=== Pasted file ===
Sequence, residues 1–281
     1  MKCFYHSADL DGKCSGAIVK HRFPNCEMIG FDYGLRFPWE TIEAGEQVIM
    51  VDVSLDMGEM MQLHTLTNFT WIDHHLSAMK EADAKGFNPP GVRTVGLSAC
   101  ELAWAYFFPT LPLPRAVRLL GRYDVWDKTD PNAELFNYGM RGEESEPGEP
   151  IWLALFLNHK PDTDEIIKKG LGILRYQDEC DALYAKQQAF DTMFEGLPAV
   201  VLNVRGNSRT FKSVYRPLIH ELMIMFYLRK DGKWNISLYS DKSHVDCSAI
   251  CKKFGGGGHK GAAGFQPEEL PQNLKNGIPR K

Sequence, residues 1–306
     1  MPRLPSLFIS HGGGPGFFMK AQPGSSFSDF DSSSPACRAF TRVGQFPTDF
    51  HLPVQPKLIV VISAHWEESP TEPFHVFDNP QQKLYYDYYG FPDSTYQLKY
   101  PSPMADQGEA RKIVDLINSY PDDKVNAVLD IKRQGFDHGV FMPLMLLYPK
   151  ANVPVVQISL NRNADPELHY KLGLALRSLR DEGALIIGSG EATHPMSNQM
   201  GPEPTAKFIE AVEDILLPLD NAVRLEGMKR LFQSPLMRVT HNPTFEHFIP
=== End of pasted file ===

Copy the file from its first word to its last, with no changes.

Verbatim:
Sequence, residues 1–281
     1  MKCFYHSADL DGKCSGAIVK HRFPNCEMIG FDYGLRFPWE TIEAGEQVIM
    51  VDVSLDMGEM MQLHTLTNFT WIDHHLSAMK EADAKGFNPP GVRTVGLSAC
   101  ELAWAYFFPT LPLPRAVRLL GRYDVWDKTD PNAELFNYGM RGEESEPGEP
   151  IWLALFLNHK PDTDEIIKKG LGILRYQDEC DALYAKQQAF DTMFEGLPAV
   201  VLNVRGNSRT FKSVYRPLIH ELMIMFYLRK DGKWNISLYS DKSHVDCSAI
   251  CKKFGGGGHK GAAGFQPEEL PQNLKNGIPR K

Sequence, residues 1–306
     1  MPRLPSLFIS HGGGPGFFMK AQPGSSFSDF DSSSPACRAF TRVGQFPTDF
    51  HLPVQPKLIV VISAHWEESP TEPFHVFDNP QQKLYYDYYG FPDSTYQLKY
   101  PSPMADQGEA RKIVDLINSY PDDKVNAVLD IKRQGFDHGV FMPLMLLYPK
   151  ANVPVVQISL NRNADPELHY KLGLALRSLR DEGALIIGSG EATHPMSNQM
   201  GPEPTAKFIE AVEDILLPLD NAVRLEGMKR LFQSPLMRVT HNPTFEHFIP